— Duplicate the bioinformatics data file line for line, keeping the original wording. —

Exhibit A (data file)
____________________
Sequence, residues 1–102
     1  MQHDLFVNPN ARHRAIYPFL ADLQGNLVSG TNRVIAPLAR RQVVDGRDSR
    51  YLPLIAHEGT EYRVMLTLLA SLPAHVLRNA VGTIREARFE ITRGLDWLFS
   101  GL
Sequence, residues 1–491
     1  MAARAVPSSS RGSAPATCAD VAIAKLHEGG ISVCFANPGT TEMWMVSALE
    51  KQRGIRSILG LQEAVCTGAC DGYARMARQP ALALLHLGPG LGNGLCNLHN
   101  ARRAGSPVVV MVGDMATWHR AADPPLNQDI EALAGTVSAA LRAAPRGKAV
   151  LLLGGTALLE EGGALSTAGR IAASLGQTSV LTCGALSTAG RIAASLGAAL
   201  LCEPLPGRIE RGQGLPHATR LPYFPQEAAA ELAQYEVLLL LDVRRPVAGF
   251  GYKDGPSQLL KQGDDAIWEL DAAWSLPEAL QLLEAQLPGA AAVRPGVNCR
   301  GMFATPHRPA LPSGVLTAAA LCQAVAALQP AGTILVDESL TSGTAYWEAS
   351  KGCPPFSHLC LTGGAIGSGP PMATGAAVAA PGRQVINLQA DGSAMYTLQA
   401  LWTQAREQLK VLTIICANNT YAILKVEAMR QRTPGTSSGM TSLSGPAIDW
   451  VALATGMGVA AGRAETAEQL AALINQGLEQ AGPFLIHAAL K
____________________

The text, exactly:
Sequence, residues 1–102
     1  MQHDLFVNPN ARHRAIYPFL ADLQGNLVSG TNRVIAPLAR RQVVDGRDSR
    51  YLPLIAHEGT EYRVMLTLLA SLPAHVLRNA VGTIREARFE ITRGLDWLFS
   101  GL
Sequence, residues 1–491
     1  MAARAVPSSS RGSAPATCAD VAIAKLHEGG ISVCFANPGT TEMWMVSALE
    51  KQRGIRSILG LQEAVCTGAC DGYARMARQP ALALLHLGPG LGNGLCNLHN
   101  ARRAGSPVVV MVGDMATWHR AADPPLNQDI EALAGTVSAA LRAAPRGKAV
   151  LLLGGTALLE EGGALSTAGR IAASLGQTSV LTCGALSTAG RIAASLGAAL
   201  LCEPLPGRIE RGQGLPHATR LPYFPQEAAA ELAQYEVLLL LDVRRPVAGF
   251  GYKDGPSQLL KQGDDAIWEL DAAWSLPEAL QLLEAQLPGA AAVRPGVNCR
   301  GMFATPHRPA LPSGVLTAAA LCQAVAALQP AGTILVDESL TSGTAYWEAS
   351  KGCPPFSHLC LTGGAIGSGP PMATGAAVAA PGRQVINLQA DGSAMYTLQA
   401  LWTQAREQLK VLTIICANNT YAILKVEAMR QRTPGTSSGM TSLSGPAIDW
   451  VALATGMGVA AGRAETAEQL AALINQGLEQ AGPFLIHAAL K